Outsourcing engagements should be based on trust and collaboration. Isn’t that obvious? Apparently, it is not. Outsources typically don’t set up their selection process based on that premise. Clients often act like they don’t trust potential vendors. They leverage a competitive process with multiple vendors to get an optimal result. Most time and effort during the selection process is spent in predicting all possible scenarios and writing down in a contract what the vendor should do in that case. The contract is the main tool to enforce any agreements later in the engagement.
Many clients can tell stories where a vendor took advantage of an unclear situation. And once bitten, twice shy or better safe than sorry, right? So they use commercial leverage and the contract as important tools to keep their vendors honest. Because they feel their vendors cannot be trusted, and they will do everything to get back at them. And with a selection process like the one described above, these risks become a self-fulfilling prophecy. If vendors are forced into an engagement, they will likely compensate at some time or even need to do so.
And then something unexpected happens
The implicit assumption with this way of working is that the future is predictable, at least for the contracted scope. And in some commodity types of outsourcing engagements, it is. But more often than not, parties cannot predict the activities within the scope of a contract. We live in a VUCA world, so we cannot, during the selection, predict each and every situation that will happen later on. And at that point, there is no leverage to force the vendor into contractual compliance. In other words, parties will have to trust each other.
I think it is a given that, at some point, you will have to trust your vendors. And since you can count on that situation to occur, you better organize your engagement accordingly and start trusting from the beginning.
The science of it: game theory
Game theory is the scientific approach to this topic. It is the study of strategically interdependent behavior i.e. what I do affects your outcomes, and what you do affects my outcomes. The Prisoner’s Dilemma is the best-known example, but there is much more to say about it. If you are the type of person that wants to go in-depth on the topic, there is plenty of material available. Alternatively, you can watch the movie A Beautiful Mind about the life of John Nash, the pioneer in this field. The management summary of it all: tit-for-tat is a great strategy, especially if you start with a willingness to cooperate. Which is the scientific way of stating that it is good to trust your business partners from the start and invest in collaboration.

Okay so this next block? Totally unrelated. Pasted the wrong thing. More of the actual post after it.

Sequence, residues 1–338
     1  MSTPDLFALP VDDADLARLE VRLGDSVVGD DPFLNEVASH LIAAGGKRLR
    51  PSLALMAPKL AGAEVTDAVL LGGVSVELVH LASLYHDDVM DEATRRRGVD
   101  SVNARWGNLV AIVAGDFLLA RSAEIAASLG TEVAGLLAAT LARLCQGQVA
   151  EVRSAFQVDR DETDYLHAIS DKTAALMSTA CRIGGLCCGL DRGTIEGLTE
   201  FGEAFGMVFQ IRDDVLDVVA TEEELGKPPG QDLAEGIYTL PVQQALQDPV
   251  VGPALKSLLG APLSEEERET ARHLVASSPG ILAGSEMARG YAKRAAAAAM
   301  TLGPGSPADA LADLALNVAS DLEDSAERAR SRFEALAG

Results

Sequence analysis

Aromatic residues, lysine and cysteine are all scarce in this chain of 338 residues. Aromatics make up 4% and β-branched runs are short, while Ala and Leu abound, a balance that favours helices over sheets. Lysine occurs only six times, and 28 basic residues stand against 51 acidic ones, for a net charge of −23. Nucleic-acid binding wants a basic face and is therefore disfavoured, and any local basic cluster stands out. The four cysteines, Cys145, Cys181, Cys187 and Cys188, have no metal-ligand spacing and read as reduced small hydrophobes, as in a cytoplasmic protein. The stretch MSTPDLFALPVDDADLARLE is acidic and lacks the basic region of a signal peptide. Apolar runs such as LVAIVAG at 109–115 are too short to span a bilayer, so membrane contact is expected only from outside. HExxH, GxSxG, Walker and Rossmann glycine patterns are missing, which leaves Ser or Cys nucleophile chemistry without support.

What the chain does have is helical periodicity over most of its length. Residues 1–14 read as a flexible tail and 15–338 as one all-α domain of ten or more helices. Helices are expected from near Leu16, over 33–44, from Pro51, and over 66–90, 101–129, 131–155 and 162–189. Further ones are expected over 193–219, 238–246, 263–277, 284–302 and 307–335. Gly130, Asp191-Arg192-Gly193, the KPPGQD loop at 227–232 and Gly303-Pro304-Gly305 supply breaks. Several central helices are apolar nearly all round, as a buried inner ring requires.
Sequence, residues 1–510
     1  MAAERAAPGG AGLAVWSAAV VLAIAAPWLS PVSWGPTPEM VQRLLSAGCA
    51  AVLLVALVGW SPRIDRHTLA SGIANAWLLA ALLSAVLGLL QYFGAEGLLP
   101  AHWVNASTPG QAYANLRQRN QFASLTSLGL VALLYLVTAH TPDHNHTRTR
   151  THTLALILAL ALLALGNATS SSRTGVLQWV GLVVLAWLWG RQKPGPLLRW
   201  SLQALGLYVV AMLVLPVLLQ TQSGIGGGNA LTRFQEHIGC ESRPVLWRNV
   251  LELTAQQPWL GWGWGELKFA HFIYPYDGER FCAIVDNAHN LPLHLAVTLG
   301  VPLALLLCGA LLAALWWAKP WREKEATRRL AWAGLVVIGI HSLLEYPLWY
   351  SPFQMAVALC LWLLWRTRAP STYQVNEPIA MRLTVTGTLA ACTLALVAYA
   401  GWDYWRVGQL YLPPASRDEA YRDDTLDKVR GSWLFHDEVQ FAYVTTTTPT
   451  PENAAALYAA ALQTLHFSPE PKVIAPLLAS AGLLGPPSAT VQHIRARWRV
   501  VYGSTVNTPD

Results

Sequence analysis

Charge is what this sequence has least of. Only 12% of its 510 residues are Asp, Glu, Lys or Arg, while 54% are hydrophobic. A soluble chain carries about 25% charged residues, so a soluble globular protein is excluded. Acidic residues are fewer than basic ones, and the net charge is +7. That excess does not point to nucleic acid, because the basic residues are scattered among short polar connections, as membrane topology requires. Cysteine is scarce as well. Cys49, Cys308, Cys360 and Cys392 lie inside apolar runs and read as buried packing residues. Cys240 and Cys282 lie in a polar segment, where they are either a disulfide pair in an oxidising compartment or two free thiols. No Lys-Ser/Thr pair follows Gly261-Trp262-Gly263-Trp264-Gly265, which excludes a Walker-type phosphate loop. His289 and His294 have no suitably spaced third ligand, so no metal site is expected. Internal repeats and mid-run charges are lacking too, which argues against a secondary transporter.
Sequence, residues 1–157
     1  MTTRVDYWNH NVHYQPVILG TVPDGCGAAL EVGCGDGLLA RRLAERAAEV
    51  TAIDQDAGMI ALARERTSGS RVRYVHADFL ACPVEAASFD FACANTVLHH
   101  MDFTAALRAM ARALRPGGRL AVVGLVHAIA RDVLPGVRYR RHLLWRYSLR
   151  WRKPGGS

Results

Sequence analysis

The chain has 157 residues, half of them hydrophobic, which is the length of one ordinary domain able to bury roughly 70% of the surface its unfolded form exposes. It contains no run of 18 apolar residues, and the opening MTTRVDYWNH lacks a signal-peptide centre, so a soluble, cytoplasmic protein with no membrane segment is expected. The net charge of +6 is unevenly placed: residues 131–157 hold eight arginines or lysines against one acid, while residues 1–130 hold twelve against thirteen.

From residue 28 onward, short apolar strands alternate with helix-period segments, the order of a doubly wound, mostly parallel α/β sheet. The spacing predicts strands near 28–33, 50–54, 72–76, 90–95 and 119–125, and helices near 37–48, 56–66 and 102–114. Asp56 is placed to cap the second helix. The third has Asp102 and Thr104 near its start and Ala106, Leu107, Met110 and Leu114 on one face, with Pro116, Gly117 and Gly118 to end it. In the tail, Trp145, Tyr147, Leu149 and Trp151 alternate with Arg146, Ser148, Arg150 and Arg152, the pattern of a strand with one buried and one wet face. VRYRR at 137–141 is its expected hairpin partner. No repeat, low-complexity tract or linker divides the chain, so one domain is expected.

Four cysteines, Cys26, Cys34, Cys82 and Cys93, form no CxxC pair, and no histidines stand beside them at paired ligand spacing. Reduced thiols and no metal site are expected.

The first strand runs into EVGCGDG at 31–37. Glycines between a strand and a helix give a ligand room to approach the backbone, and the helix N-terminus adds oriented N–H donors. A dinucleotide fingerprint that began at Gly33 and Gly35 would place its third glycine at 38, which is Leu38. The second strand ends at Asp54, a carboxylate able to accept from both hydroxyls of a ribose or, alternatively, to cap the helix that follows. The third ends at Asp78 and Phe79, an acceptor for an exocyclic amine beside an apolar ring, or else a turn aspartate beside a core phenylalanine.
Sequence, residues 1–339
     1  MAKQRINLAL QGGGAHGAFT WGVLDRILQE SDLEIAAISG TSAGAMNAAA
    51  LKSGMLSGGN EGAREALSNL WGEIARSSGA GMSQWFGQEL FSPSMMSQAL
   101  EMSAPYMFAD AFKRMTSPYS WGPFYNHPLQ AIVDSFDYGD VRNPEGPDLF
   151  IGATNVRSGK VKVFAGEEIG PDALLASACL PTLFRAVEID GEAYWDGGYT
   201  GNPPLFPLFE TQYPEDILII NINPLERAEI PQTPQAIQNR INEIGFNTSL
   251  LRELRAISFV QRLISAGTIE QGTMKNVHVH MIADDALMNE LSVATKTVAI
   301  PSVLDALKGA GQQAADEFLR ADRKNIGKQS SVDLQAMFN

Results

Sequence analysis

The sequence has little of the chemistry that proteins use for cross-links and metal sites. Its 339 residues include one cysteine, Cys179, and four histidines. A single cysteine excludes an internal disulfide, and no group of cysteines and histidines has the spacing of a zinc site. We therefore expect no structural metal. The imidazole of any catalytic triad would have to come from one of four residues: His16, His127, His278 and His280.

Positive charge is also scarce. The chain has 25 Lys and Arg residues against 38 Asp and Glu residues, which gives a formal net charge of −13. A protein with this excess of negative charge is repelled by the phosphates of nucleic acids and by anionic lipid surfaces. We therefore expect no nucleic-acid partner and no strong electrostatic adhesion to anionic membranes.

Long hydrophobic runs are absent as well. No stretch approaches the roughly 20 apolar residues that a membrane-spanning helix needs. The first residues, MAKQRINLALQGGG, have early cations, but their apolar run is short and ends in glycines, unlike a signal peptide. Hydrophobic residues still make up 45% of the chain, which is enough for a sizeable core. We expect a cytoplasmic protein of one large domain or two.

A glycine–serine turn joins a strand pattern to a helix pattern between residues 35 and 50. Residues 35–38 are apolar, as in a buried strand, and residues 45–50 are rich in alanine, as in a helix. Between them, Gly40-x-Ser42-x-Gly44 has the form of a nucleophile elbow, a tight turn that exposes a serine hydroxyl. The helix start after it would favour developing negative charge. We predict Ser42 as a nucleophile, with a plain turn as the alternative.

Impact on the selection process
So whether you conclude it on personal experience, logic, or science, the outcome is that clients have to trust their vendors and vice-versa. And in a VUCA context, trust may very well be the defining factor of a successful engagement. That being the case, I suggest we rethink the selection process. Rather than a selection based on capabilities and a financial business case, parties should primarily use the selection process to find a partner with whom they establish a basic level of trust. I would refer to this as a minimum viable relationship. When this sounds naive, you should read up on the tit-for-tat strategy.
A minimum viable relationship isn’t about blind faith but about informed trust. It should be grounded in solid contractual principles that make up a minimum viable contract. Which is a topic I will cover in my next contribution in this series applying Agile principles to outsourcing engagements.
About the author
Erik Snijder is a freelance sourcing consultant and program manager. Under the label 2iQ he helps both clients and vendors in setting up and further improve successful engagements. In doing so, he can leverage almost three decades of experience working for both clients and service providers both in the Netherlands as well as internationally.